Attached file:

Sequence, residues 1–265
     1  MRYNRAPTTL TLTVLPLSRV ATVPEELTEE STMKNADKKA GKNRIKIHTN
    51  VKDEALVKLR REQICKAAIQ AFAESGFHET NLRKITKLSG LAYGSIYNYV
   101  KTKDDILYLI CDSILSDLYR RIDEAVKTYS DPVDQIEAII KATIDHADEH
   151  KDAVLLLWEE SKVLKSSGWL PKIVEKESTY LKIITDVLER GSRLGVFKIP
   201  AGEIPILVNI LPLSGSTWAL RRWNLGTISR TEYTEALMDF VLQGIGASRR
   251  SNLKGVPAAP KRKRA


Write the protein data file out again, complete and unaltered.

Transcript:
Sequence, residues 1–265
     1  MRYNRAPTTL TLTVLPLSRV ATVPEELTEE STMKNADKKA GKNRIKIHTN
    51  VKDEALVKLR REQICKAAIQ AFAESGFHET NLRKITKLSG LAYGSIYNYV
   101  KTKDDILYLI CDSILSDLYR RIDEAVKTYS DPVDQIEAII KATIDHADEH
   151  KDAVLLLWEE SKVLKSSGWL PKIVEKESTY LKIITDVLER GSRLGVFKIP
   201  AGEIPILVNI LPLSGSTWAL RRWNLGTISR TEYTEALMDF VLQGIGASRR
   251  SNLKGVPAAP KRKRA